“Live together or die alone.” That’s the motto of the castaways in the TV show, “Lost,” which began its fourth season a couple months ago.
The saying is far from original, of course. I’m reminded of the flag featured in the titles of the recent PBS documentary on John Adams, that depicted a snake in several pieces, with the words, “Join or Die.” It was a plea for the colonies to recognize their common interests and work together. See where that got us – one of the most powerful nations on earth.
Members of labor unions know the wisdom of collective action of individuals for the good of all. When I joined the Newspaper Guild in 1977, I benefitted from the strikes and struggles of the previous decades, with a 37 1/2-hour work week, a night shift that was an hour shorter than the day shift, and a solid grievance system that would protect me from the whims of erratic supervisors.
Some old-timers could tell me when they got those particular provisions in the contract, or what the results were of the strikes of the previous decade. Before I left, I could tell you the battles we waged to prevent a two-tier wage system, random drug testing or attacks on our very right to representation.
Readers of the Labor Trib don’t need to be persuaded of the value of sticking together for the common good. But in the last few years, maybe even the last few decades, many Americans seem to have lost sight of the notion of The Common Good in capital letters. Live together or die alone; join or die. These are not just sayings to make a good TV show or something from our history. These expressions of the necessity of focusing on the Common Good describe what has made America a great nation.
I’m afraid for our great nation when we lose sight of the Common Good.
The topsy-turvy weather we’ve been having the last few weeks has me thinking about global warming, power , money and the Common Good. The fact that our global climate is changing because of pollution is becoming inescapable. What mystifies me is why the Bush administration, the oil companies and other powerful monied interests are so anxious to deny it’s happening.
Oh, I can see the economic argument. Addressing the problem, tackling it with all our resources, would cost money. It might reduce profits. It could threaten fortunes. What I don’t understand is the attitude of the rich and powerful who seem to think that their power and money can protect them from global climate change.
It’s one thing to invade Iraq, using the nation’s soldiers and the nation’s money, while Bush & Co. reap profits and stay safe from the action. They seem to think that they can construct reality and live in their nice bubble, paid for with other people’s lives and livelihoods.
But there’s nowhere to hide from global warming. No amount of money or power can prevent the climate from changing in the rich man’s corner of the world. No amount of money can remove these problems to another planet. Everyone’s wellbeing is connected.
It’s the same with the attitude toward healthcare. The Republicans in Congress and the Blunt administration in Missouri seem to think that as long as their children have access to healthcare, they and their powerful friends shouldn’t have to pay taxes to ensure that other people’s children are healthy. Until the immunization rate has plummeted so much that we’re suffering from an epidemic of whooping cough – a thoroughly preventable disease. When the legislature or Congress feel no responsibility to provide access to healthcare for the least powerful of their constituents, they are acting as if they don’t live on the same planet.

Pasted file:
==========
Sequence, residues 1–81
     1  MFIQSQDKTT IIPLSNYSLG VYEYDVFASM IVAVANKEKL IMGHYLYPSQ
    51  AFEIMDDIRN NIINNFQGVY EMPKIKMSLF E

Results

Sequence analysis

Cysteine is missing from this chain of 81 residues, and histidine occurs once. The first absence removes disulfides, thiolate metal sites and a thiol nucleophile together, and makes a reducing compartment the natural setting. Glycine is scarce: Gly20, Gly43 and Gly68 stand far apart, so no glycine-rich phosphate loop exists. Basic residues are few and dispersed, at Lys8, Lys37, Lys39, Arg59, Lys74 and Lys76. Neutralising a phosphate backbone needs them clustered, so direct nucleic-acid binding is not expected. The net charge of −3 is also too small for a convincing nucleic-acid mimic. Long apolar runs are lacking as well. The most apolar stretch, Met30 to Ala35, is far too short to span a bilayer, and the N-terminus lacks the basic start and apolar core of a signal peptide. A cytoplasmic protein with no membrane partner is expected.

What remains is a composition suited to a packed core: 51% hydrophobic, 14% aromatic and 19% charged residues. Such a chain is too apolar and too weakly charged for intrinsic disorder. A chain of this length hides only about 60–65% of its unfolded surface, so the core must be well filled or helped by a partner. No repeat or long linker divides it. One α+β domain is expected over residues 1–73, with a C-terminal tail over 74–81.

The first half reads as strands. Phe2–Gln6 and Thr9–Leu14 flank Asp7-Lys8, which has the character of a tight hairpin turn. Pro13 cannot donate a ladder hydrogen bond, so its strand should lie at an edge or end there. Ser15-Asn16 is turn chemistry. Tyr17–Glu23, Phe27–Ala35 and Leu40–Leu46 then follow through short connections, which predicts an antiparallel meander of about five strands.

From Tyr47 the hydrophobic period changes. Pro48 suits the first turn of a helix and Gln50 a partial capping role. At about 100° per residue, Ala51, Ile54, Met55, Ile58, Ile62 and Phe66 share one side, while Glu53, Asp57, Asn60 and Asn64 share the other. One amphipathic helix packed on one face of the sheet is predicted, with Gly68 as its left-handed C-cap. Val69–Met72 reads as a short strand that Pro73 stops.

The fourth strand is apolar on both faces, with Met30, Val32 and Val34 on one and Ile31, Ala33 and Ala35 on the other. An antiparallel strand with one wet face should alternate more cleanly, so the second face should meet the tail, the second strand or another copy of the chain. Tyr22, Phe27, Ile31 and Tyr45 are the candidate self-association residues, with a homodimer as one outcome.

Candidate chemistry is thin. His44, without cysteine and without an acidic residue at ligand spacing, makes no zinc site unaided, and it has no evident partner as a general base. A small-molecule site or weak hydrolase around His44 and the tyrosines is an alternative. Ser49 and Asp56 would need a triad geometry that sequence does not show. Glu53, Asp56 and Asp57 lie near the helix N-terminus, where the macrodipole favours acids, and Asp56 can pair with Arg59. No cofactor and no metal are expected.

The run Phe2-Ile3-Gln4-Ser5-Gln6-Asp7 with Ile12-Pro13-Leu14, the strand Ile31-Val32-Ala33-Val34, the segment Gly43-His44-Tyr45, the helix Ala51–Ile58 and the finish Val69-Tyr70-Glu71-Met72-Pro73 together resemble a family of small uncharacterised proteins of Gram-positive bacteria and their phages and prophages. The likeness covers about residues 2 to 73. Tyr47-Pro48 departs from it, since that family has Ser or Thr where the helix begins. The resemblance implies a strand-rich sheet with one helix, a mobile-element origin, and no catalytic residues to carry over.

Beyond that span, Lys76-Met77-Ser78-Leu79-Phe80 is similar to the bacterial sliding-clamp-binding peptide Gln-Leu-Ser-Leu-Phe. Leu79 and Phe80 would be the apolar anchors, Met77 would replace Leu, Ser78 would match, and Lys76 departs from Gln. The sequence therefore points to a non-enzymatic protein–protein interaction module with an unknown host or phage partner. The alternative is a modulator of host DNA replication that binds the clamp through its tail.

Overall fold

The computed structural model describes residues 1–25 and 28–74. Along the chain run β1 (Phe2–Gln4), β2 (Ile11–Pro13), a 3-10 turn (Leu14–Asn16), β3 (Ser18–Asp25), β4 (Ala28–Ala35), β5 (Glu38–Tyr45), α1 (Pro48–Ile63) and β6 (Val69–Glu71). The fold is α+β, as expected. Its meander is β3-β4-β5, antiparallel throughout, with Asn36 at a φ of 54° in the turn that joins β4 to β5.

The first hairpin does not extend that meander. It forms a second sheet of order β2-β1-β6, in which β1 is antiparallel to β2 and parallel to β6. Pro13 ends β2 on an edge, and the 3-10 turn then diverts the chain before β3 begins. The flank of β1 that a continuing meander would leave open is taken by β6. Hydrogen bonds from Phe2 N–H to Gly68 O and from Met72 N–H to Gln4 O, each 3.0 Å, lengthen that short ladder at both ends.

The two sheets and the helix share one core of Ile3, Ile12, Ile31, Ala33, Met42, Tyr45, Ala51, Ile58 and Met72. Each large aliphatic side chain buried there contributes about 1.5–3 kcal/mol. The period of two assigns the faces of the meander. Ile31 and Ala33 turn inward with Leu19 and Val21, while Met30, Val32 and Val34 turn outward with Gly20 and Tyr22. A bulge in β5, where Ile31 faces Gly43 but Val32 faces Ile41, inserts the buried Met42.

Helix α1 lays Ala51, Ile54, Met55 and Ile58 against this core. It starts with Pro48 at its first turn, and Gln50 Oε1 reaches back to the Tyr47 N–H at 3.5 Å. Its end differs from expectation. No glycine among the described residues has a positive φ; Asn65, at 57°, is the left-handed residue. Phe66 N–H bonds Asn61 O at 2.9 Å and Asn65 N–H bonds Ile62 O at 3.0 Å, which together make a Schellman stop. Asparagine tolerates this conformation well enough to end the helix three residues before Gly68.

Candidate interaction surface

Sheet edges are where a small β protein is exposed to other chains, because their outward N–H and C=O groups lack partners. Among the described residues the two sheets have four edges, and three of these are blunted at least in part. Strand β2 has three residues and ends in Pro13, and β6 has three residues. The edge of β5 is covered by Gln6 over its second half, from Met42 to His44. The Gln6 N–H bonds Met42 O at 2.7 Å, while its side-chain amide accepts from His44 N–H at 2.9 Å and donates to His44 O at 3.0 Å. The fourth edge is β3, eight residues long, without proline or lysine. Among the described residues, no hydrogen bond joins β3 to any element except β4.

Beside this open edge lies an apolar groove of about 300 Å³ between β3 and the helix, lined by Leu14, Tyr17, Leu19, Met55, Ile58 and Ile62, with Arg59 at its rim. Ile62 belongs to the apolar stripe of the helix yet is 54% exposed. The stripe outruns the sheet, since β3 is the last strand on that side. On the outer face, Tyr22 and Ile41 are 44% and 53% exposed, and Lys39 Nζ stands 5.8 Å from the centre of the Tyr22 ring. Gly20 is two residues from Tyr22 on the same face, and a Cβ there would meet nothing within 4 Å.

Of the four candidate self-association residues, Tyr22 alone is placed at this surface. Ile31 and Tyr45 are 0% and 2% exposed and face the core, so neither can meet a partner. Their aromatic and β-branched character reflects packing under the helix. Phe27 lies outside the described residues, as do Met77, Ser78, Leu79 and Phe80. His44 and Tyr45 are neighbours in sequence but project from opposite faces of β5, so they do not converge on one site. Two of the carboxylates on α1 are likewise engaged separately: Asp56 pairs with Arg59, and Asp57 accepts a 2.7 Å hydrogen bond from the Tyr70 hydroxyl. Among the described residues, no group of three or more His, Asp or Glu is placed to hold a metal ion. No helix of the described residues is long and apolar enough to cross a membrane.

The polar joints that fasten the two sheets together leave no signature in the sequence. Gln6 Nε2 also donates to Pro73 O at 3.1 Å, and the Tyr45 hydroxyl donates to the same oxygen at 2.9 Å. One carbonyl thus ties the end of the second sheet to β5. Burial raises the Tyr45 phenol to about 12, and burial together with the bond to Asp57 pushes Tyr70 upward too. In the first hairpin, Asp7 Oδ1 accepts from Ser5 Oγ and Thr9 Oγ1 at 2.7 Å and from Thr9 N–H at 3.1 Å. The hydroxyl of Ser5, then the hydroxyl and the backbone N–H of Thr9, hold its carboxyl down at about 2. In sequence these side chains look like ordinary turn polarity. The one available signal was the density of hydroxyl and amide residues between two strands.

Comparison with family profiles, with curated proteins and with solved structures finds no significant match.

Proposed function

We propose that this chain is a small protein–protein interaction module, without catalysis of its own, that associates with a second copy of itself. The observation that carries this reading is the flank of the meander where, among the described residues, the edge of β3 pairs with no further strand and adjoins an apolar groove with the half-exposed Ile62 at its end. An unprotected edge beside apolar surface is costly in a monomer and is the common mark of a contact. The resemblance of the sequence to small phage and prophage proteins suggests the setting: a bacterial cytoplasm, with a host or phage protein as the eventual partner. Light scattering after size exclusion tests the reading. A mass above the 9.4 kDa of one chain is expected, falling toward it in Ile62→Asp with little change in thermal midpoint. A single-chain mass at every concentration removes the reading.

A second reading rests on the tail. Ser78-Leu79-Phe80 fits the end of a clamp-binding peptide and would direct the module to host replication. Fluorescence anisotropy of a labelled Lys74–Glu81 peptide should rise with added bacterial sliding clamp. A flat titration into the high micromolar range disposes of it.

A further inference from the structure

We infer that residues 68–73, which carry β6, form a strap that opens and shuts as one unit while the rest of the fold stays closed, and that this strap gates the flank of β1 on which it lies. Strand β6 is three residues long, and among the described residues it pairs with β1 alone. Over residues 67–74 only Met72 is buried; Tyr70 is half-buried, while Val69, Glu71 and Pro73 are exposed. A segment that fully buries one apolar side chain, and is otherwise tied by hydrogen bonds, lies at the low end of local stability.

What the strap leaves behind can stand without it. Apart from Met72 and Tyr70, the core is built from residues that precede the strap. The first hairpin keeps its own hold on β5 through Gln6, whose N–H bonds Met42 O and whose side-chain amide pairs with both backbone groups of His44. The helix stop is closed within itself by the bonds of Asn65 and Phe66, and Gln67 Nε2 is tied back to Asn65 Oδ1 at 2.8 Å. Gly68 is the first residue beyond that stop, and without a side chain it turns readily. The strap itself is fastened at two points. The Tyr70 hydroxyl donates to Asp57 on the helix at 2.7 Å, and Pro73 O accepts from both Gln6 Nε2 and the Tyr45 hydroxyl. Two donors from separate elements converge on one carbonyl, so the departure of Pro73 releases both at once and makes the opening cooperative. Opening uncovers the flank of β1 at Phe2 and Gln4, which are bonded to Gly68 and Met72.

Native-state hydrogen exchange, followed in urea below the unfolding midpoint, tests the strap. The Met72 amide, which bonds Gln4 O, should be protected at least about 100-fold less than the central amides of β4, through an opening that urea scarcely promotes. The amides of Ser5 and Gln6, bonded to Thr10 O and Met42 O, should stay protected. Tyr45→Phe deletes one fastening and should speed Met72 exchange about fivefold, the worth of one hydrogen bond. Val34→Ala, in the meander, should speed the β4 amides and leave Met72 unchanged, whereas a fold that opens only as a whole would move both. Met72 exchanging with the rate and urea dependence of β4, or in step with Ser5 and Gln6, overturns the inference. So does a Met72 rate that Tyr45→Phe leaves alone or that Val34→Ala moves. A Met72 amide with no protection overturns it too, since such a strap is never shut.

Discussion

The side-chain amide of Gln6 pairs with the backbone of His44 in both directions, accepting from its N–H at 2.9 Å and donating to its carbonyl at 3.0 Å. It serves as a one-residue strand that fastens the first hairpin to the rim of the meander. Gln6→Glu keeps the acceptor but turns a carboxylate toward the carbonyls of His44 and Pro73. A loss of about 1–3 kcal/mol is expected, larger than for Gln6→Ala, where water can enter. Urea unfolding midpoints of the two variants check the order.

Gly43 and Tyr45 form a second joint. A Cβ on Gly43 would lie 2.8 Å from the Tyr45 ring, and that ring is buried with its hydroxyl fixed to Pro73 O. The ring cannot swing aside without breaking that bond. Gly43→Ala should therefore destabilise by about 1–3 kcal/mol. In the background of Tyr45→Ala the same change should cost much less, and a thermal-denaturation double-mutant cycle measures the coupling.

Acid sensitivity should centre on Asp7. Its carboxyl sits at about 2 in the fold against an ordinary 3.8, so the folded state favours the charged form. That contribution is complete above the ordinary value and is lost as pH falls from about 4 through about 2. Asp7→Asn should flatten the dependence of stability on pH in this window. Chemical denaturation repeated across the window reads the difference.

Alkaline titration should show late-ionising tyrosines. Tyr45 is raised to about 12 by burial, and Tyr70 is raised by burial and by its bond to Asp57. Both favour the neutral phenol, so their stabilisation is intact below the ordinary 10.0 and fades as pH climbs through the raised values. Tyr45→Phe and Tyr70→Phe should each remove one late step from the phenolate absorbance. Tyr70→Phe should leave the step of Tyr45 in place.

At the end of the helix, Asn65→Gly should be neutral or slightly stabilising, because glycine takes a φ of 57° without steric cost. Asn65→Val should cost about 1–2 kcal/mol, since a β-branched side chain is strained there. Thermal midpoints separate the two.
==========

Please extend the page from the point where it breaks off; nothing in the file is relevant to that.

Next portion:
Or take the economy. This latest downturn, the economists tell us, is different from those in the past. Because the poorest segments of the U.S. population never recovered from the last downturn. The rising tide of economic activity has not lifted all boats, especially among the chronically unemployed or underemployed.
Well, why should the billionaires in this country care about the widening gap between rich and poor? Why should the CEOs who get millions in bonuses even when their companies lose money – why should they care?
When the Common Good is overshadowed by “I’ve got mine, and to hell with you,” why should anyone care?
Live together or die alone. If money and power could buy peace and prosperity, the Middle East with its oil would be heaven on earth, where all children had enough to eat, where every adult had meaningful work and all God’s children would live in harmony. Instead, it is a spawning ground for terrorism. Why does this oil-rich region incubate the likes of Al Qaida, Hamas, the Taliban, ? Policies of the powerful that ignore or tear down the Common Good.
No one has enough money or power to buy peace of mind, if they’re focused only on getting it for themselves. No economy can function for long if the people who do the work are sacrificed for the comfort of the people who have the money. Take a look at the stock market’s gyrations lately. A system built on American productivity cannot hold if you ship the production overseas. A system that exploits immigrant workers and seeks to blame them for the exploitation will continue only if we refuse to stand together.
This political season, as some politicians try the divide-and-conquer methods again, I urge you to look for candidates who understand the necessity of making policy decisions for the Common Good. Live together or die alone.
Published in the St. Louis Labor Tribune, March 11-18, 2008